Pittsburgh drug charges attorney discusses marijuana laws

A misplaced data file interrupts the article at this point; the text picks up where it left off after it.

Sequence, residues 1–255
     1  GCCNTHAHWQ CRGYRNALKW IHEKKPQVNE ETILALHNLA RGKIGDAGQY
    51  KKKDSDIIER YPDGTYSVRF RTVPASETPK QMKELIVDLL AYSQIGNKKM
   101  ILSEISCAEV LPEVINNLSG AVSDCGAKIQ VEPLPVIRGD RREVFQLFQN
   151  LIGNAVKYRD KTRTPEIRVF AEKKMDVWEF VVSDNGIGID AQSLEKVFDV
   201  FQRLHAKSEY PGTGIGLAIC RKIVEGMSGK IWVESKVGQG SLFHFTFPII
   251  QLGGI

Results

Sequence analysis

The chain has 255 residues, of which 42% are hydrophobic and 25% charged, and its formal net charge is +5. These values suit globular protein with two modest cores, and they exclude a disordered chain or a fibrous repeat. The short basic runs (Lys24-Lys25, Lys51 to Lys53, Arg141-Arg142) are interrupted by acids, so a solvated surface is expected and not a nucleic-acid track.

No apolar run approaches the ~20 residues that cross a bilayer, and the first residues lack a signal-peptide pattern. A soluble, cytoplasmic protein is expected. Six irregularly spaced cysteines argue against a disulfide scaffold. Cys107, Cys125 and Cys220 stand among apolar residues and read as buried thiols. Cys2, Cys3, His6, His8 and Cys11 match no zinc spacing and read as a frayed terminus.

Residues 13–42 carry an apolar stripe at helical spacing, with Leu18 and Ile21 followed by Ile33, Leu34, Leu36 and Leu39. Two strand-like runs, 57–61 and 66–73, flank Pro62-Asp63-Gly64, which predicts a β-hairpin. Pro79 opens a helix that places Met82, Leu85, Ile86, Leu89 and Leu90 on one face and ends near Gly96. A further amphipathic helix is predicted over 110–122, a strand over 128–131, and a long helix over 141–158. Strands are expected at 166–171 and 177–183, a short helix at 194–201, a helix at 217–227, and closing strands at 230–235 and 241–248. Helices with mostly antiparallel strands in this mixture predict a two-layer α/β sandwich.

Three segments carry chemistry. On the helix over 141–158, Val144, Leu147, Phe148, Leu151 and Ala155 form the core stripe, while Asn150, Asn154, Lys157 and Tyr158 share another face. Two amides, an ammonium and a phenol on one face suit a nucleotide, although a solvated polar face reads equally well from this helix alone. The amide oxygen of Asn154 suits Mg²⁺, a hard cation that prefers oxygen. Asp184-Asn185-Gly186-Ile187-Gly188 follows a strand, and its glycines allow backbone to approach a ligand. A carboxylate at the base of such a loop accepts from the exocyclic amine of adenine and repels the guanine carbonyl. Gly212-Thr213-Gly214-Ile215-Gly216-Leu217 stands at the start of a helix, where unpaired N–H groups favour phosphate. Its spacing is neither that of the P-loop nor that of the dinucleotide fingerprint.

As more states begin to legalize or decriminalize small amounts of marijuana, it’s important to understand in Pennsylvania it is still illegal to possess even the smallest amount of marijuana, even with a valid out-of-state prescription for medical marijuana. Though the attitude toward marijuana is becoming more and more relaxed on a national scale, the aggressive enforcement of marijuana laws by Pennsylvania police remains. Here in Pennsylvania, possessing even small amounts of marijuana can warrant thirty days in jail, $500 in fines, and a driver’s license suspension. Possession of drug paraphernalia, such as pipes or a “baggy,” can carry up to one year in jail and a $2,500 fine. If you have questions about drug charges related to marijuana possession, you should speak to an experienced Pittsburgh drug charges attorney like Gary Gerson. In Maryland, New York, and Ohio, those states have moved toward decriminalizing marijuana, as has the District of Columbia. Even Philadelphia has lessened the penalties for small amounts of marijuana. In these places, the social goal is that, eventually, there will be no jail time or criminal record for first-time possession offenders or that small amounts of marijuana for personal consumption will be completely legal so long as the person smoking is not doing so in public. In some instances, certain states treat first-time marijuana possession similar to a minor traffic violation, but this is not the case here in Pennsylvania, outside of Philly. I do receive questions from people about smoking marijuana in other states like Colorado where it is legal, then coming home to Pennsylvania. Remember, you may still face charges if you return to Pennsylvania and drive a motor vehicle even days after you last used marijuana. The reason is because marijuana “metabolites” may stay in your system for days after use; they are detectable in the standard blood tests that are used in many counties to detect DUI. In PA, if such metabolites are detected, the test can be used to support a DUI charge even if the suspect was not impaired when he or she drove. Someone who is arrested driving under the influence of marijuana that they used in another state days or weeks ago cannot use that notion as a defense, which is kind of ridiculous if you really think about it, because where and when someone consumes marijuana is irrelevant if the chemical traces are found in a person’s bloodstream by a properly administered blood test, as per the law. If you have been arrested for possession of marijuana, or were pulled over for DUI and marijuana was found in your system, call Pittsburgh drug charges lawyer Gary Gerson today for a free consultation at 412-219-6875.